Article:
The first lesson makes it clear that disabilties, such as impotence, will no longer be a cause for exclusion from the worshipping community. The Ethiopian had come to Jerusalem to worship, and now he is instructed by Philip. Perhaps he could be a model for the way in which we respond to those who are outside the normal (the physically or mentally disabled, the homosexual, the pedophile). While the condition remains the person is accepted as a part of the worshipping community, at least by God.
   The second lesson admonishes us to "love one another," to "love God…love their brothers and sisters also," because "as he is, so are we in this world." The thrust of the Gospel is that we are branches on the vine that is Jesus; we partake of his nature, and we are expected to bear fruit as he did. The Ethiopian in the first lesson illustrates, on the one hand, the love of Christ bearing fruit in Philip, and on the other hand, the opening of the proclamation of the Gospel to the non-Israelite world.
   Step by step the proclamation of the Gospel moves from Judea, to Samaria, and to the ends of the earth. This is the purpose of God proclaimed by Jesus in Acts 1:8, and it is the theme of the book of Acts.

Hymns [13]
With One Voice (e.g. 762v), Hymnal Supplement 1991 (e.g. 725s) and LBW (e.g. 32).
E=Entrance; D=Hymn of the Day; I=First Lesson, P=Psalm; II=Second Lesson; G=Gospel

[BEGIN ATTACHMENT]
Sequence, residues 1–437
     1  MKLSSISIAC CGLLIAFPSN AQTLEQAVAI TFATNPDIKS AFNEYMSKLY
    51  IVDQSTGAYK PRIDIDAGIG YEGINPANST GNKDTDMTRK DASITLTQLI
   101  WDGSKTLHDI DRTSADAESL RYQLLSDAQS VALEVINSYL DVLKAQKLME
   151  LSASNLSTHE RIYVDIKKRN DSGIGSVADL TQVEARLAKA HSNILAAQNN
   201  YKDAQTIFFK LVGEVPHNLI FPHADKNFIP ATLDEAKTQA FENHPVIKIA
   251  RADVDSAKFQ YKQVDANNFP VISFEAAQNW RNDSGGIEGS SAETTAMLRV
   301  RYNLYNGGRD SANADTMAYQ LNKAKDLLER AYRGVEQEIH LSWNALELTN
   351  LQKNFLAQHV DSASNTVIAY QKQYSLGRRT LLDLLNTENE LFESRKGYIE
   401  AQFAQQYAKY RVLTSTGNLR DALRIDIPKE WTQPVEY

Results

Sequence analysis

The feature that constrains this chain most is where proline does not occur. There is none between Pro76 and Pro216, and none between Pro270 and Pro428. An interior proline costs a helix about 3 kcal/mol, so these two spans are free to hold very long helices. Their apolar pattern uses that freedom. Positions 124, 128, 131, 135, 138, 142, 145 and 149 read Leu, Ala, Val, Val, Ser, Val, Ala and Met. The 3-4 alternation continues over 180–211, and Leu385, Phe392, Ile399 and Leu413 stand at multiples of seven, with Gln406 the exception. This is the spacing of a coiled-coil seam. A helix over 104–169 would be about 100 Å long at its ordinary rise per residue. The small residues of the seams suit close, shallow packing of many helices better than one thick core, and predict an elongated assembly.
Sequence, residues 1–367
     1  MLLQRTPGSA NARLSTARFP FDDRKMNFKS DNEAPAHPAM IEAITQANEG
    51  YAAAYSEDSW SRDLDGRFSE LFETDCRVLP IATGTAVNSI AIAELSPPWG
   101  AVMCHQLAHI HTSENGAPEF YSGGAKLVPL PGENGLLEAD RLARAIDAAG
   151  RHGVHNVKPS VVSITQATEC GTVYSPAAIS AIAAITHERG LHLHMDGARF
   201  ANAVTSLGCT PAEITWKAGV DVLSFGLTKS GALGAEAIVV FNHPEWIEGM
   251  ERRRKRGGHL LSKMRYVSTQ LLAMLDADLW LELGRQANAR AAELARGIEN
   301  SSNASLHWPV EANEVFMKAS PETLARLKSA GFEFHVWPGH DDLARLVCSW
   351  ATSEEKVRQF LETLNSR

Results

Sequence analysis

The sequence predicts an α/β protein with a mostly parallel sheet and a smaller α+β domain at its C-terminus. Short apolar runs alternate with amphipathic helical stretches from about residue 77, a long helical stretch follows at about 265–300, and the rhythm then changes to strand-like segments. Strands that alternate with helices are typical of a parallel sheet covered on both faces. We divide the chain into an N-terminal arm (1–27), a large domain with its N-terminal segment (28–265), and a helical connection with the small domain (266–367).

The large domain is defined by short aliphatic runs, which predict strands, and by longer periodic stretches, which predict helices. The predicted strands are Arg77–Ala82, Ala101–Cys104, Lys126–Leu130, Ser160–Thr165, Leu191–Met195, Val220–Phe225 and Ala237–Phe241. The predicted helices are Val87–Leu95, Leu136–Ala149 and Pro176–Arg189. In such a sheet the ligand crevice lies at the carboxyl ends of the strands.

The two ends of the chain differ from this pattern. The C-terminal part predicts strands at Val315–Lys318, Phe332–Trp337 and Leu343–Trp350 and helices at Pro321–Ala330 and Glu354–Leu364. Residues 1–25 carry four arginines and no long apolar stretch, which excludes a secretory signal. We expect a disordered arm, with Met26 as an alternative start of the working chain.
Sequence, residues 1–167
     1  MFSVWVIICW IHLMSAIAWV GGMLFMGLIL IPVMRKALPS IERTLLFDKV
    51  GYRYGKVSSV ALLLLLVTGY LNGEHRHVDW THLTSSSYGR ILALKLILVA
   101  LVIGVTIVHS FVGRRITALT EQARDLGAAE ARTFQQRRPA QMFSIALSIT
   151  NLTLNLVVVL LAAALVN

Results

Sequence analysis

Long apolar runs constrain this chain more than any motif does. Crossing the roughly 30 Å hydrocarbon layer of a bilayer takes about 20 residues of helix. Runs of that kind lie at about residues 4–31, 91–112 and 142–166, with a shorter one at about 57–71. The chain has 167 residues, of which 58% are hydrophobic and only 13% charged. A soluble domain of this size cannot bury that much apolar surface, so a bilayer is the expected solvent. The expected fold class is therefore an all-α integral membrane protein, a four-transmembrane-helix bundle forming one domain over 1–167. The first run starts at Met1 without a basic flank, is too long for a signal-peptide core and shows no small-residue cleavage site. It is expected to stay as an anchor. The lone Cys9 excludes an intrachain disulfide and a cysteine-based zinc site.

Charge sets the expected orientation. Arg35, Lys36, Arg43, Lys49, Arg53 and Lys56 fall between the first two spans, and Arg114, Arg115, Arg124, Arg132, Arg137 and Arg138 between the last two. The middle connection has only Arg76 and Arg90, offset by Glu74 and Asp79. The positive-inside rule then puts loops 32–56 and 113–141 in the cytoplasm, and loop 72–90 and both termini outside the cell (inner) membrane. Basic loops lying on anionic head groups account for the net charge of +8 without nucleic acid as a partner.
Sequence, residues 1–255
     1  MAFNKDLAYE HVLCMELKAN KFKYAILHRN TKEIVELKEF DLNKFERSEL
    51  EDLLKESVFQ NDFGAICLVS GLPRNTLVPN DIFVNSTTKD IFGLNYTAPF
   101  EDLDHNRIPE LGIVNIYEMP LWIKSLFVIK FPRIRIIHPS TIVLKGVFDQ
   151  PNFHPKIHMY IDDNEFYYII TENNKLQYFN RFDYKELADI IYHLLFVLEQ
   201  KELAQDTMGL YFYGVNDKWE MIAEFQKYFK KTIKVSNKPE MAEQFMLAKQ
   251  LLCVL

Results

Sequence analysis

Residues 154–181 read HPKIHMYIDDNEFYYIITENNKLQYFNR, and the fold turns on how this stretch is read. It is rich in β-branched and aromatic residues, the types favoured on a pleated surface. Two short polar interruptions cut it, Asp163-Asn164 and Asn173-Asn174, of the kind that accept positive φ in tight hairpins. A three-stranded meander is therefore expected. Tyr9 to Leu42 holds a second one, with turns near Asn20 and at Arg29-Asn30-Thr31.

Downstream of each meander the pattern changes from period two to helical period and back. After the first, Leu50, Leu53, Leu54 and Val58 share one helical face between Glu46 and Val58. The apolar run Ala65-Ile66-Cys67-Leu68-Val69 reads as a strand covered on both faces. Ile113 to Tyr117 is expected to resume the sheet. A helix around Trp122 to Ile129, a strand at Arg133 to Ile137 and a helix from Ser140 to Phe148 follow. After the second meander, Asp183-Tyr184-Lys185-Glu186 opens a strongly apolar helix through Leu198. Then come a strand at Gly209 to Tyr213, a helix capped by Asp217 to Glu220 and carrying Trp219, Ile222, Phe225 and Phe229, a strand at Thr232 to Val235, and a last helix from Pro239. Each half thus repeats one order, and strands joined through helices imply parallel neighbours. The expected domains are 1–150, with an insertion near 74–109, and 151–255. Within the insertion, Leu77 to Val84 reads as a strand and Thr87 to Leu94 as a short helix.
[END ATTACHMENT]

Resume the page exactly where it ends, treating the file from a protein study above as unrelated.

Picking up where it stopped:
155 --E--Praise the Savior,       
210 --D--At the Lamb's           
378 --D--Amid the World's     
189 --I--We Know That         
696v --I--I've Just Come from
831s --II--God of the             
270 --II--God of Our              

765v --II--Jesu, Jesu (803s)  
665v --II--Ubi Caritas          
674v --G--Alleluia! Jesus      
700v --G--I Received (761s)
695v --G--O Blessed           
       508, 306, 133, 817s, 786v

Prayers of the People [14]
A: To bear fruit as a disciple is to receive life, show love, and tell the good news. We pray, therefore, "Source of life, grant fruitfulness", and we respond, C: Alleluia, Amen.
A: That the Lutheran Church of Papua, New Guinea, may experience continued growth in faith and love as it becomes a "sending church" in the world. Source of life, grant fruitfulness. C: Alleluia, Amen.
A: That all countries of the world may work together for understanding and peace. Source of life, grant fruitfulness. C: Alleluia, Amen.
A: That the senior members of our congregation may be honored and enjoy self-esteem as Christ's servants. Source of life, grant fruitfulness. C: Alleluia, Amen.
A: That the youthful members may find full inclusion in the ministry of our congregation. Source of life, grant fruitfulness. C: Alleluia, Amen.
A: That the people of middle years in our congregation may experience increasing worth and integrity in their service to Christ and his church. Source of life, grant fruitfulness. C: Alleluia, Amen.
A: That the novices and those new to the faith may learn what it is to be in Christ's service, Source of life, grant faithfulness. C: Alleluia, Amen.
When the Brief Order for Confession and Forgiveness is not used, the following may be said:
A: The shortfall of our concern in the church and world brings death in so many ways, and contradicts the message of a risen Christ. Forgive us. Source of life, grant fruitfulness. C: Alleluia, Amen.